Heat and cold — mean air temperature

It is now beyond question… Europe is getting hotter. Average surface air temperature gives a clear and consistent signal of global and regional climate change. It has a direct impact on natural ecosystems, agriculture, and human health and well-being. Rising temperatures affect all types of ecosystems through shifts in species distribution and population structure and increase the risk of species extinction. These changes can impact ecosystem services, such as carbon storage, and affect crop production. Higher temperatures also naturally increase the risk of arid conditions and droughts.

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Heat and cold — extreme heat

Much of Europe has experienced intense heatwaves since 2000, with notable impacts on human health and socio-economic systems. Extreme heat is closely linked to higher death rates and hospital admissions and generally affects the well-being and productivity of workers. The death toll for the 2003 European heatwave alone is believed to have topped 70 000 (according to the World Meteorological Organization - (WMO, 2021: WMO atlas of mortality and economic losses from weather, climate and water extremes (1970-2019)). Urban areas are especially vulnerable to increasing heat stress because of the ‘urban heat island’ effect. Extreme heat also affects transport and energy infrastructure, agriculture and biodiversity, and it increases the likelihood of wildfires.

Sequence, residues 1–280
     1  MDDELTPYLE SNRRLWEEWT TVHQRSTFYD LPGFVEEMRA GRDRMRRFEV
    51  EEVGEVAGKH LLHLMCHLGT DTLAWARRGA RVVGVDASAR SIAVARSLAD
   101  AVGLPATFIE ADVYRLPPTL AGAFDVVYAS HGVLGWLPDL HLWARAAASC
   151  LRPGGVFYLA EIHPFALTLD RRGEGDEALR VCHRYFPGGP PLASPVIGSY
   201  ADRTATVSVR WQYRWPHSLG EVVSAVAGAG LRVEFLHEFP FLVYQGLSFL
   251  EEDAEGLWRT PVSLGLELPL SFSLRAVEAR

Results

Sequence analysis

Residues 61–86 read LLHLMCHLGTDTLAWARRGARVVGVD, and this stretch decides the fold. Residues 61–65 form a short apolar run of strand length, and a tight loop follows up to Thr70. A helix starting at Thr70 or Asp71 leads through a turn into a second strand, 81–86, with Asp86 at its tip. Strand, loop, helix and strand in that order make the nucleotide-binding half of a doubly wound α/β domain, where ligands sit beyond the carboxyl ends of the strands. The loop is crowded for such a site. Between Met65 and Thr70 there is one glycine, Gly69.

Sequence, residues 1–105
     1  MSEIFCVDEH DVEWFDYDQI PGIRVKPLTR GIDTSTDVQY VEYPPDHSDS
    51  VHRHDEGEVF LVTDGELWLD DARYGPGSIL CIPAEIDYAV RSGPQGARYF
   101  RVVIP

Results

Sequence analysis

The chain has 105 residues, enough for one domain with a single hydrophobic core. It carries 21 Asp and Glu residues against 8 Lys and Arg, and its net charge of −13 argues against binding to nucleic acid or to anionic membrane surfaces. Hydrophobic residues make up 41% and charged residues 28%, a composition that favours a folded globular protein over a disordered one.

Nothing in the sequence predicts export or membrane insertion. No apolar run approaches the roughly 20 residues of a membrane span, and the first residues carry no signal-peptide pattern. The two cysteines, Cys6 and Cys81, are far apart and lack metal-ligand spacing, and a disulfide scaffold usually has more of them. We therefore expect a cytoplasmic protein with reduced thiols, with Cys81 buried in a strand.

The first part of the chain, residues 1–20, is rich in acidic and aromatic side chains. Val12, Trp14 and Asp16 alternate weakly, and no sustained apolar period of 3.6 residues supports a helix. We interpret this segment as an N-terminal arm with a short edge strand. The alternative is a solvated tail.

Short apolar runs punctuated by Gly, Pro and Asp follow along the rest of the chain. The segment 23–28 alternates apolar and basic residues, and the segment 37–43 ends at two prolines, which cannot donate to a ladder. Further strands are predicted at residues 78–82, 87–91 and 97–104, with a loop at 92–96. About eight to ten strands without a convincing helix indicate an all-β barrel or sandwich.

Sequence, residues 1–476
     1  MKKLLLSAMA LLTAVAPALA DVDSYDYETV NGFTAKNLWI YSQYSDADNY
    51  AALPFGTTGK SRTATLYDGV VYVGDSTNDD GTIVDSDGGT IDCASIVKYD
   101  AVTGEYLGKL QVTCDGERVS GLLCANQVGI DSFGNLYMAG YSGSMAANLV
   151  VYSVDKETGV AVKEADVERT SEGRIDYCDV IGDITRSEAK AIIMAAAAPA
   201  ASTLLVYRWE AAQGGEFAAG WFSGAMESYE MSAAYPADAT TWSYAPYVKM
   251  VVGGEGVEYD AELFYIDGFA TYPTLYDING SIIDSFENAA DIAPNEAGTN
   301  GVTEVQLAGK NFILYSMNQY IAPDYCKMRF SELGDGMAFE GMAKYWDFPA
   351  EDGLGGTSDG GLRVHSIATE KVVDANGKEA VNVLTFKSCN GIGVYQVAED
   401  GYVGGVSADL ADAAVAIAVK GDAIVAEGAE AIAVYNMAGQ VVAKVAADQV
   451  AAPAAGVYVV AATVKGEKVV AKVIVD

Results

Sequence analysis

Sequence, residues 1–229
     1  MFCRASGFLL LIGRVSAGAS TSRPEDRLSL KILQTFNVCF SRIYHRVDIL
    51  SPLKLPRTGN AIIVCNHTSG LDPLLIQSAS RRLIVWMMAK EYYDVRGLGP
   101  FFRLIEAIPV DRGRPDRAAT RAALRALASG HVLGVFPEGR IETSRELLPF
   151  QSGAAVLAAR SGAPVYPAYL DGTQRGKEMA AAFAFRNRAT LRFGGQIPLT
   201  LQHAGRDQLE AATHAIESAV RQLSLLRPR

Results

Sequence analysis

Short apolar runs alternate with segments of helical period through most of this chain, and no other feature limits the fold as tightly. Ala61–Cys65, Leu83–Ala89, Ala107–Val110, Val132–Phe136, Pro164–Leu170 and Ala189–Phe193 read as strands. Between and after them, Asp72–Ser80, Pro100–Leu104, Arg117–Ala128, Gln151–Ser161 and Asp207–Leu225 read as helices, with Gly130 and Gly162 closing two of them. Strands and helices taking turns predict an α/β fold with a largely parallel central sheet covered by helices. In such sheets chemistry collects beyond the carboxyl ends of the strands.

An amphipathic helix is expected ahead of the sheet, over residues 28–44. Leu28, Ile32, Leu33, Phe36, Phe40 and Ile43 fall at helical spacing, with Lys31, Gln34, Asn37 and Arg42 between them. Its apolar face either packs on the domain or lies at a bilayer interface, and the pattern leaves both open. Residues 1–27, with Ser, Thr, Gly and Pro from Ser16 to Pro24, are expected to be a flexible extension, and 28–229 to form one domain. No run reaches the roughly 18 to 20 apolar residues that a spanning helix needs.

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Heat and cold — frost days

Frost and extreme cold play a major role in several sectors across Europe, including agriculture, forestry, construction, transport and tourism. The timing of frost, for example, can affect seasonal farming and cropping cycles in surprising ways (e.g. late spring frost before harvesting can be devastating for fruit trees, but some crops need frost during winter to stimulate flowering). Increases in freeze-thaw cycles, starting below 0 °C and warming during the day, can damage roads, buildings and other infrastructure.

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